LJ nowworks as a personal trainer with clients across Essex and also is in the process of starting his own educational and fitness business to support prisoners and especially young offenders.

He has visited several prisons lately to take inmates through his high intensity cell workout programme – though this time entering through the front door as a visitor.


He added; “I also talk about how I ended up in prison and how I have changed my life.

“I hope to encourage others to do something positive when they get out. I especially want to work closer with young and vulnerable prisoners who have a high chance of re-offending because of the lack of education support in prison and in their backgrounds.”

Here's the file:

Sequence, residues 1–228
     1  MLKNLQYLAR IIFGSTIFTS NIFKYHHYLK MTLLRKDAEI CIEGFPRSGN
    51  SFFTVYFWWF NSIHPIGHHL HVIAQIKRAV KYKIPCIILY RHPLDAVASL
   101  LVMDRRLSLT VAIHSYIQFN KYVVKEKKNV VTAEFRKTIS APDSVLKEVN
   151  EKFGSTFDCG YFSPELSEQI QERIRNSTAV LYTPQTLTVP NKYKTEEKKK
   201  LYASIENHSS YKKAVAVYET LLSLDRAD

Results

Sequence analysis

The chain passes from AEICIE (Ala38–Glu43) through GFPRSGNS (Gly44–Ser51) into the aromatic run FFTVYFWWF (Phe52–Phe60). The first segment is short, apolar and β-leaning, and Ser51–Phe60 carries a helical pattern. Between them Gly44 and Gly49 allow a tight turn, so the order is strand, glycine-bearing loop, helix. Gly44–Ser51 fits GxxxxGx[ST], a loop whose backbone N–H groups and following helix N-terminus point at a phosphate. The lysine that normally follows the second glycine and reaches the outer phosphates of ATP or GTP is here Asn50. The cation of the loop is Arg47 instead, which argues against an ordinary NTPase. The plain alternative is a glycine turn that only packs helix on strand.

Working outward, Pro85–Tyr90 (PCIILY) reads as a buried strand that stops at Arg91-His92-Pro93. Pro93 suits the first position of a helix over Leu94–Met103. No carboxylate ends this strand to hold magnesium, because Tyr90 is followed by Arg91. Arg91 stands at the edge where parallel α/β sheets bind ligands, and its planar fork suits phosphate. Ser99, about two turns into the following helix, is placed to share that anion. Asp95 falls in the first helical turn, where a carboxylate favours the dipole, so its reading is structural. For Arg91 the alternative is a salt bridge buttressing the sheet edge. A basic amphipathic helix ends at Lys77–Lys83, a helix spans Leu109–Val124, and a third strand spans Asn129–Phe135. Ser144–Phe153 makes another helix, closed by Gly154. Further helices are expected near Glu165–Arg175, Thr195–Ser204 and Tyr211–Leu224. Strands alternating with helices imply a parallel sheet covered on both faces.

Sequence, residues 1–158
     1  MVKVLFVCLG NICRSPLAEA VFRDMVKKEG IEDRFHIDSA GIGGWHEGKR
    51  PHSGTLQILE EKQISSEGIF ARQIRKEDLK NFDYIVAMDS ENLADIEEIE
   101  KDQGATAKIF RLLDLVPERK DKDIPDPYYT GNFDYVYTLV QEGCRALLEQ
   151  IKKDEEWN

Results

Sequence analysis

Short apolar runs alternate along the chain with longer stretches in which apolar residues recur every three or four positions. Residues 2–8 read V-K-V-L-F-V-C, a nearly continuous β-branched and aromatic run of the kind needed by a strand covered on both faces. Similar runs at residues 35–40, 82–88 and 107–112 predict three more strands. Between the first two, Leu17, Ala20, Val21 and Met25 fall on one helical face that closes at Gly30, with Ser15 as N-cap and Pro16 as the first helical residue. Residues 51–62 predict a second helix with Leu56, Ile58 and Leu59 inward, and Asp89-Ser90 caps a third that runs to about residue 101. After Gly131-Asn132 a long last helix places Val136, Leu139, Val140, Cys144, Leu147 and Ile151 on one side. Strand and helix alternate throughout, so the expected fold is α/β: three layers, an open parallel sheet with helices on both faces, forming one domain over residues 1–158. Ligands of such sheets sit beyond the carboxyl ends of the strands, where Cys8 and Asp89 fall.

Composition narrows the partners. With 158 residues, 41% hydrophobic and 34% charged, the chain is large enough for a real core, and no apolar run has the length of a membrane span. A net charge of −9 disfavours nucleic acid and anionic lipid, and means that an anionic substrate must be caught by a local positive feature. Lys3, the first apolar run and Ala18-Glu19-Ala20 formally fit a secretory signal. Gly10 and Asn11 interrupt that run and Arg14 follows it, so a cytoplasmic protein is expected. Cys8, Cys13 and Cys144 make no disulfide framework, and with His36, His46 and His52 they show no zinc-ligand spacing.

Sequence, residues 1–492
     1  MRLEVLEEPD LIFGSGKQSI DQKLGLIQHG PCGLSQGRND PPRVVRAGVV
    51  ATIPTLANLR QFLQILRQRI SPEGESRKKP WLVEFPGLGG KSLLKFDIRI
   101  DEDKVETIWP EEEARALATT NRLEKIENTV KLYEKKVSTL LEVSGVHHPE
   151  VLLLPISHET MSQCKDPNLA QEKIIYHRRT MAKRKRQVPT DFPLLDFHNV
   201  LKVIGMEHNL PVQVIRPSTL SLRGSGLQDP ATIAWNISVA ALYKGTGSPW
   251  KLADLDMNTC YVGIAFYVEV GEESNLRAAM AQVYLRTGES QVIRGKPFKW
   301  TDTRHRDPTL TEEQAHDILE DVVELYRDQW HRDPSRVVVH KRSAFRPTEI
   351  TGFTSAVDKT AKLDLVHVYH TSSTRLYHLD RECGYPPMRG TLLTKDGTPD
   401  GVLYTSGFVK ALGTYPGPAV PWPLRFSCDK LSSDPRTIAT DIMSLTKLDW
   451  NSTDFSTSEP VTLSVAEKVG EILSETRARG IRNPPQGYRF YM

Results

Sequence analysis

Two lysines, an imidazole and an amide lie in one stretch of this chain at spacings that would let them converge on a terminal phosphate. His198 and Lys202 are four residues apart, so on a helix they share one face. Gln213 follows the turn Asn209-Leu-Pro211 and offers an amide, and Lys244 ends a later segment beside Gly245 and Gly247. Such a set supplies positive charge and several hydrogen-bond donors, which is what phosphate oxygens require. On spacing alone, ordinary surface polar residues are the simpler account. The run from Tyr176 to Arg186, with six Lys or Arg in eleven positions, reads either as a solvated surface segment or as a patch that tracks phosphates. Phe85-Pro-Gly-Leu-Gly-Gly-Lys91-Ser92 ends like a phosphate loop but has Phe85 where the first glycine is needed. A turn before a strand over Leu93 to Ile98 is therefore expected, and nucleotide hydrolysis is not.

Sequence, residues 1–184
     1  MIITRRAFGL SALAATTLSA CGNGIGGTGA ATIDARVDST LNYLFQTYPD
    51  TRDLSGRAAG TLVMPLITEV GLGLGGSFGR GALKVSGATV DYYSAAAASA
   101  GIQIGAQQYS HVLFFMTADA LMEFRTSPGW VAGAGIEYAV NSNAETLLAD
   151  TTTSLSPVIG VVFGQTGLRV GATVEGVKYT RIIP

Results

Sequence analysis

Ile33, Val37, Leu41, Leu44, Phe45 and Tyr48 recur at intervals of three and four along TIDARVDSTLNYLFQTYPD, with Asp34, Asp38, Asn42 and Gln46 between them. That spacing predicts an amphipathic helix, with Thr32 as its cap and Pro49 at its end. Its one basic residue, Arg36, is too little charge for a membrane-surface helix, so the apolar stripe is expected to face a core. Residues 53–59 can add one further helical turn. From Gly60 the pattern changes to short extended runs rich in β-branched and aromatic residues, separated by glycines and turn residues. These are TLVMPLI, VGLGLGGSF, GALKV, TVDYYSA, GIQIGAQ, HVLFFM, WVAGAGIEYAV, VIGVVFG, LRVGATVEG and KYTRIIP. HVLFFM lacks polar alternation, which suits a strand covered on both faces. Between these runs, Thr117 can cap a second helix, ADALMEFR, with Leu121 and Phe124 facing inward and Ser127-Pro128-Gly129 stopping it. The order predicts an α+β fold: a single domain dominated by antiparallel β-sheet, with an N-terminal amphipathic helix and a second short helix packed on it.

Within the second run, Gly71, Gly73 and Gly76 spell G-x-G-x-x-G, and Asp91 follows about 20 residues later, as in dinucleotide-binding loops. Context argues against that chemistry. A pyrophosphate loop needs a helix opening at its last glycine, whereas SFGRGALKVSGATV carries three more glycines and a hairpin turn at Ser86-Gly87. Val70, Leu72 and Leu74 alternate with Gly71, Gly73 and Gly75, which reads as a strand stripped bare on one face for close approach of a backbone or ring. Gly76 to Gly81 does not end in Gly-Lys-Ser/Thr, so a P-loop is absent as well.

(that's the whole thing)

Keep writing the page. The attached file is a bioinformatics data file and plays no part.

LJ also says the biggest lesson he’s learnt from life on the inside is not to take people for granted: “I’ve got an massive appreciation of what I have in life – a wonderful girlfriend, family and friends,” he said.

“Prison is not a nice place, it’s daunting and I never want to go back.

There are a lot of others out there who feel the same, they just need a bit of support. Becoming an author is something I never thought could have happened to me, but I have.

“It’s given me a tremendous sense of achievement and I want to help others get that same feeling.”

ý L.J will be making a personal appearance at Basildon Library in St Martin’s Square, on March 8 at 7.30pm as part of the Essex Book Festival.

Tickets cost £7 for adults, £5 for under 25 year olds.